We would like to thank the Taiwanese government for its continued engagement with our Committee over issues of concern. We look forward to seeing these efforts bear fruit soon.
Given the scale and the importance of Taiwan’s retail and electronics industries, the Committee would especially like to focus on addressing their recycling needs. In this regard, we wish to promote more usage of recycled materials as well as more R&D on biodegradable products. Such efforts would boost the government’s circular economy plan, part of the “5+2 Innovative Industries” program aimed at encouraging the re-use – rather than mere disposal – of waste materials.
We also encourage the government to implement carbon reduction strategies and enforce other carbon-tax-related regulations to make Taiwan’s greenhouse-gas reduction efforts clear to the world.
Suggestion 1. Implement carbon reduction strategies and enforce carbon tax and other related regulations.
We recommend that the Taiwanese government put a price/value on carbon emissions to incentivize businesses and consumers to adopt more energy-efficient practices and reduce their carbon emissions. Some Asian countries have already taken actions in this regard, including South Korea, Japan, and Singapore. Imposition of a carbon tax can be a critical tool to accelerate the deployment of low-carbon technologies, products, services, and infrastructure, as well as to promote the green energy market. We strongly urge the government to implement carbon reduction strategies and enforce other carbon-tax-related regulations.
Suggestion 2: Expand the scope of usage of recycled materials.
Under Article 2 of the Sanitation Standard for Utensils, Containers, and Packages, plastic food containers and packages are not allowed to be “reused.” Unlike the sanitation and food safety hazards posed when plastic food containers are “reused,” the hazards are substantially eliminated and controllable when the plastic containers are “re-manufactured.” In the interest of sustainability and given the plastic recycling methods now available, we therefore suggest that the Taiwan Food and Drug Administration (TFDA) should start conducting a risk-assessment study and explore the related feasibility of manufacturing plastic food containers using recycled plastic materials.
In the U.S., the Food and Drug Administration (FDA) considers each proposed use of recycled plastic on a case-by-case basis and issues advice as to whether the recycling process can be expected to produce plastic suitable for food-contact applications. The U.S. FDA also has prepared a document with guidance for industry on the use of recycled plastics in food packaging.
We urge the TFDA to adopt regulations that set proper standards and review processes such as “bottle-to-bottle” to allow recycled plastic materials to be used to produce food containers.
Suggestion 3: Better promote the circular economy by encouraging R&D on biodegradable products and enhancing the recycling process.
From the beginning of 2020, the Taiwan Environmental Protection Administration (TEPA) has implemented a series of restrictions on the use of disposable containers and utensils made from all types of material. The policy was made with the good intention of reducing the volume of waste, but it did not foresee the consequences for other sustainability issues such as increased water usage and energy consumption. While most countries prohibit only the use of “plastics” but encourage the use of alternative decomposable materials, Taiwan goes further by imposing a more comprehensive ban.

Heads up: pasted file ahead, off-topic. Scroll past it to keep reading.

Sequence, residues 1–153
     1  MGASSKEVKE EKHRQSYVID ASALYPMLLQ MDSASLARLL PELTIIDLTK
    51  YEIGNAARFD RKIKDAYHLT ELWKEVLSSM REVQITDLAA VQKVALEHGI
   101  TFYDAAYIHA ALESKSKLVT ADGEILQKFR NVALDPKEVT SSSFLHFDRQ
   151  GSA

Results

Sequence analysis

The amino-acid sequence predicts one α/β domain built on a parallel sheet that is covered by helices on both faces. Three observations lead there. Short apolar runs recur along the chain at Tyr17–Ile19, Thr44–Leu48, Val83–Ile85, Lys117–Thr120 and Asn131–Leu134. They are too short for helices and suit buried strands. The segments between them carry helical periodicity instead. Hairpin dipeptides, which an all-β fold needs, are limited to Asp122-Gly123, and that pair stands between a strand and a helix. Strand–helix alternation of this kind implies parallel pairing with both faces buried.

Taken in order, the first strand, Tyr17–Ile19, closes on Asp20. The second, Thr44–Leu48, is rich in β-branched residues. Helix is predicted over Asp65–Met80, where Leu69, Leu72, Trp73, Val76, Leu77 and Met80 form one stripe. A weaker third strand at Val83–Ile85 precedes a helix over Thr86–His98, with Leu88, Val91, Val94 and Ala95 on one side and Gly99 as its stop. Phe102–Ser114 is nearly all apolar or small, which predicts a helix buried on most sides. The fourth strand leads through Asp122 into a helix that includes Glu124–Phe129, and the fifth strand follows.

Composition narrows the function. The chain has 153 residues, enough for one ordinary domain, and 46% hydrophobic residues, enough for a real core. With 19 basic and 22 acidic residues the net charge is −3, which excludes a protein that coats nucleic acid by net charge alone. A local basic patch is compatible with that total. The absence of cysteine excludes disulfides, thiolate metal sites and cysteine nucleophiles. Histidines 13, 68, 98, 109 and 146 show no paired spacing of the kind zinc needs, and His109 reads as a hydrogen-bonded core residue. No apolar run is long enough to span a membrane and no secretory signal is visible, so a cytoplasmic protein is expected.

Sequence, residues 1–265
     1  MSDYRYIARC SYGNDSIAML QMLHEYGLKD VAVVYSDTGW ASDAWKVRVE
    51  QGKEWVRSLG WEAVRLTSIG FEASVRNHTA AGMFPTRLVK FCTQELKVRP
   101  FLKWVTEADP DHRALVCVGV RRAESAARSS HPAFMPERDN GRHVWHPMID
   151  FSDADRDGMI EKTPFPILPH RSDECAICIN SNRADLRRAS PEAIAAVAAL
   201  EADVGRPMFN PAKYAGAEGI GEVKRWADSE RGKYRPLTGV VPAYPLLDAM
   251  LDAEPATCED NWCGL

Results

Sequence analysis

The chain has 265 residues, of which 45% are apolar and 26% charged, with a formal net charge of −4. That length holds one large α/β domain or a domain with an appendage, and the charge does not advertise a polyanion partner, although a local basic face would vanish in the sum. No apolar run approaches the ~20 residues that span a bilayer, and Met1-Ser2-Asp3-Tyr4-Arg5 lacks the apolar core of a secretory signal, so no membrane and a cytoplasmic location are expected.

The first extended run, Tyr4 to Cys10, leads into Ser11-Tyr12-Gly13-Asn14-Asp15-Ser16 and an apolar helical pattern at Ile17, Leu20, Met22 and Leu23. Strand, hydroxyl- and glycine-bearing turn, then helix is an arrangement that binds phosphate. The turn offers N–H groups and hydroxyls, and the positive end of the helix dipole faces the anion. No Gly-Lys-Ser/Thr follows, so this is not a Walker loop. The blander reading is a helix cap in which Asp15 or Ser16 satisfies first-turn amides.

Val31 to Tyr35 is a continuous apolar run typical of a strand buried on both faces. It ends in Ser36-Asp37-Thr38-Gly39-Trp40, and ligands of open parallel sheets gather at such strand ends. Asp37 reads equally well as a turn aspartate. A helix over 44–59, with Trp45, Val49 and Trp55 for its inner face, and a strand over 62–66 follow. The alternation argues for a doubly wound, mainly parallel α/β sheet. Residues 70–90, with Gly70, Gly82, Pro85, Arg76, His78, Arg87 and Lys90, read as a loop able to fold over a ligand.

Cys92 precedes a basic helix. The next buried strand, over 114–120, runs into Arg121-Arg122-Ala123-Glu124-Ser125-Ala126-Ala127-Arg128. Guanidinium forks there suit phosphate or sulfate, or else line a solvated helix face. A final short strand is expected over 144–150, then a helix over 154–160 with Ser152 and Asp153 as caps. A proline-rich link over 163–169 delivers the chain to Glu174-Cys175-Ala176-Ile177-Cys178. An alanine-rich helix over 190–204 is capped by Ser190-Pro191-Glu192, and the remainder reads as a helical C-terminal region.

In fact, materials used to make disposable utensils can still be environmentally friendly, including some resources usually discarded as waste (such as cane bagasse, which can be used to make drinking straws and recycled materials). New technologies and the use of biodegradable materials can significantly decrease the harm to the environment without sacrificing convenience or harming public health.
Besides, the use of biodegradable materials also brings business opportunities and economic benefits, especially if local industries are motivated to develop eco-friendly products not only for the domestic market but also to cater to the growing global market demand for sustainable products. This objective supports the Taiwan government’s goal of creating a circular economy as one of the key national development strategies for promoting industrial upgrading and innovation.
Therefore, instead of banning the use of all disposable food containers and utensils, the government should encourage the use of – and research and development on –biodegradable products. It should also strengthen the current recycling process to enable more recyclable materials to get into the sustainable cycle and create real economic value.
Suggestion 4: Provide more incentives for private-sector use of high-quality recycled building materials.
Since 2017 when the Committee first raised this issue in the White Paper, we have appreciated the Taiwanese government’s efforts to promote the use of recycled building materials in the public sector. While we applaud the progress made, we believe more can be done by providing additional incentives to the private sector. For example, a higher building capacity ratio could be granted to developers who use high-quality recycled building materials.
By “high quality,” we mean building materials made not from the likes of furnace slag, but better-quality materials recycled from products such as solar panels, printed circuit boards, and filters used in semiconductor manufacturing. The goal is to recycle materials used by the green energy and electronic industries that are key to the future of the Taiwanese economy, while also contributing to the government’s circular-economy initiatives.